Kamala Harris is Joe Biden’s pick for Vice President. This has everyone shooting off hot takes and thoughts about the nature of the appointment and what this means. We know one group that’s elated and that’s the members of Alpha Kappa Alpha Sorority, IIIIIIIIIIIINCORPORATED.
Harris is a proud member as she mentioned back in September in a profile in Washington Post.
Harris was one of 38 women who pledged AKA in 1986. She was a second-semester senior and Flowers, who became a member her sophomore year, was her sponsor. It was late to pledge a sorority, but Harris had spent much of her sophomore year focused on debate. Junior year, the chapter didn’t accept new members. Harris was intent on joining, she says, because “one of the people in my life who had a great deal of influence on me was my Auntie Chris, and she went to Howard University and pledged AKA,” referring to family friend Christine Simmons, a former chapter president, who died in 2015. “When I was a kid, I’d go to sorority events with her. I actually remember that one of my summer jobs when I was in high school was to sort through all of her papers and organize them. And every one of those papers was either pink or green.”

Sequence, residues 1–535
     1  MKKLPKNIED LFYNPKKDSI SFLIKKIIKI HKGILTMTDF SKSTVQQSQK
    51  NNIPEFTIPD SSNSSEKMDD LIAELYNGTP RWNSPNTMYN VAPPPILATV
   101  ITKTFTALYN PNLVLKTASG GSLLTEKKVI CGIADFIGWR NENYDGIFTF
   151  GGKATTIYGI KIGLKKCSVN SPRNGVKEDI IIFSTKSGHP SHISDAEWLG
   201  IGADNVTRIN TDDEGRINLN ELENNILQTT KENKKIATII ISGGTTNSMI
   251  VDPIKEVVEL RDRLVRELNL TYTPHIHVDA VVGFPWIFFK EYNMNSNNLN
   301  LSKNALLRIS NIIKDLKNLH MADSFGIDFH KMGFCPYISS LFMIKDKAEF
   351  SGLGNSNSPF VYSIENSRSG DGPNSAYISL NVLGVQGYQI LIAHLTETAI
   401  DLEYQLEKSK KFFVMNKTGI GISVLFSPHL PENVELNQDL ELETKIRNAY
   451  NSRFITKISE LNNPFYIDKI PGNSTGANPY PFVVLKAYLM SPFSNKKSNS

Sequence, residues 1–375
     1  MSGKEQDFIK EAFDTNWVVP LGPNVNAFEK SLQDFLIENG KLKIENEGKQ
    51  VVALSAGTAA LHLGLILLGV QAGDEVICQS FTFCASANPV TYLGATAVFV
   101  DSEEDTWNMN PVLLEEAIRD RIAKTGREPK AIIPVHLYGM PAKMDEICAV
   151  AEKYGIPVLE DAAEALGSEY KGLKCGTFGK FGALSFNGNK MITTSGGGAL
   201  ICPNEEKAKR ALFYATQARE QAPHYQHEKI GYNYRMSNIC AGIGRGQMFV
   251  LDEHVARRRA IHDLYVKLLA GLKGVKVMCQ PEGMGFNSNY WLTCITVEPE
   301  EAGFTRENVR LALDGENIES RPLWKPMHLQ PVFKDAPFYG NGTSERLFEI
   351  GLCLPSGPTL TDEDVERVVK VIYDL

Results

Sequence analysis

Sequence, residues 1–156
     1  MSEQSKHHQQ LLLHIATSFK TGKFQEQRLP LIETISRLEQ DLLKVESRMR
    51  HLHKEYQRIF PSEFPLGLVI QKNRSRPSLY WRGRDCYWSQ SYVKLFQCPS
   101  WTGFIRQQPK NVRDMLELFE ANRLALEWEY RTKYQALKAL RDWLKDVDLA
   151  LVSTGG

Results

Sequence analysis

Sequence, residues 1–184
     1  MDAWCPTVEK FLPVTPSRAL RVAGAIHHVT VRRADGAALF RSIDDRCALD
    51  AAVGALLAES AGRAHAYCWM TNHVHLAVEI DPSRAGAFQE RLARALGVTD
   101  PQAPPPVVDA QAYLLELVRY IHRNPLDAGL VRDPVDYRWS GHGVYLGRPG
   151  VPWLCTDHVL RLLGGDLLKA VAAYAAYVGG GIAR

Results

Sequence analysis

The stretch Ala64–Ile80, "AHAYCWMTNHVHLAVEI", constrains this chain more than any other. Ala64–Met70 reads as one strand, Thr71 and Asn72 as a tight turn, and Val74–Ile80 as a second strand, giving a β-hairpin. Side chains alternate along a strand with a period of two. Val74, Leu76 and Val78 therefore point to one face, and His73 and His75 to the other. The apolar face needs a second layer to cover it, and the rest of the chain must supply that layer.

In the late winter cold, Harris stood shoulder to shoulder with her “line sisters” in front of Rankin Chapel. With their chins thrust upward and wearing matching coats, they’d recite a poem or be quizzed on sorority lore by senior members.
Harris didn’t have much time to enjoy undergraduate sorority life. But sisterhood and its benefits last a lifetime. In June, when Harris paid a campaign visit to Columbia, S.C., she was invited to stand on the side porch of a grand mansion, where ceiling fans swirled in the steamy air, to sell herself to potential voters — many of them black and most of them women. She was introduced by a fiercely poised soror who attested to Harris’s integrity by simply calling her a “sister of the ivy.”
The celebration is afoot. Hit the flip to see it all.